ALAMEDA – Lamar Jackson ran more often in Week 11 against the Cincinnati Bengals than any Raiders rusher has in a game all season.
The Baltimore Ravens rookie's 26 carries for 119 yards isn’t all that unusual under normal circumstances. There is, however, one catch. Jackson’s a quarterback.
That’s the largest carry count by a quarterback since the NFL merger. The yardage total is second in history for a signal-caller.
But the QB wasn’t running for his life. He was running with purpose
That presents one huge problem for the Raiders defense: Containing the first-round Louisville product and Heisman trophy winner in his second career NFL start.
Jackson’s ability to run and throw – despite what some draft experts might say about that second trait – makes him unpredictable. That’s magnified because he has just one professional start. There just isn’t much tape to go on or tendencies to identify.
“[He presents] a lot of challenges, just because you don’t know what plays they are running,” Raiders coach Jon Gruden said. “I don’t recognize some of the plays they are running. You got to go back to Louisville and study him there. He’s got magnificent running ability. He’s going to get better and better the more he plays, and we got to respect his passing ability and these receivers. We know a lot about them.”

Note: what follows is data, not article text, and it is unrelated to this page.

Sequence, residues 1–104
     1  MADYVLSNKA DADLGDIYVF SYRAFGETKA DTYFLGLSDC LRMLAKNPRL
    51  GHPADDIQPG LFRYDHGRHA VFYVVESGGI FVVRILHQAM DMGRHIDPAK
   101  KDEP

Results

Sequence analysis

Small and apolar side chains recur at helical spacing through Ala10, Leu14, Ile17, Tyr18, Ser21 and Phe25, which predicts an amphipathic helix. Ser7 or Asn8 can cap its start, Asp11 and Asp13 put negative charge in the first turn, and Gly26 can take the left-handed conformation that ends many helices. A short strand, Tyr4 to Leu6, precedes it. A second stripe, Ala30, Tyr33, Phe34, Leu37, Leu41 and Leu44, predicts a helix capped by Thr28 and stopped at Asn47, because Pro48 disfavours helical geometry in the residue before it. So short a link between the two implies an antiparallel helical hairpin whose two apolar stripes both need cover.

The Ravens will build off what Jackson did against the Bengals, and give the Raiders new and unscouted looks. It’s certainly possible he’ll throw more than the 19 passes he attempted in a win over the Bengals. Gruden and defensive coordinator Paul Guenther must be ready for such chess moves.
Tackling Jackson is difficult, even if defenders know what’s coming. He has raw speed in spades. He ran a 4.34-second 40-yard dash as Louisville’s pro day, showing that he can be gone in a flash.
The Raiders have someone who can match that pace.
“We got Rico Gafford,” Gruden said, “who runs about 4.2.”
Gafford is a practice-squad receiver and former college cornerback who turned in a 4.22 40-yard dash at Wyoming’s pro day. The Raiders will run Johnny Holton, activated Wednesday from the practice squad, as a Jackson clone as well.
“The best I can tell you,” Gruden said, “is we are going to be very, very creative on how we try to emulate and simulate the Ravens.”
Gafford will do his best to give Raiders defense proper looks as they try to get used to Sunday’s unique challenge.
“I love running,” Gafford said, via the Las Vegas Review Journal. “That’s the one thing about me: I love running. I’m a track guy. Anyone who knows me can tell you I run. I run a lot, and I run fast. I’m just going to do the best that I can … to be the best Lamar Jackson I can be, other than him.”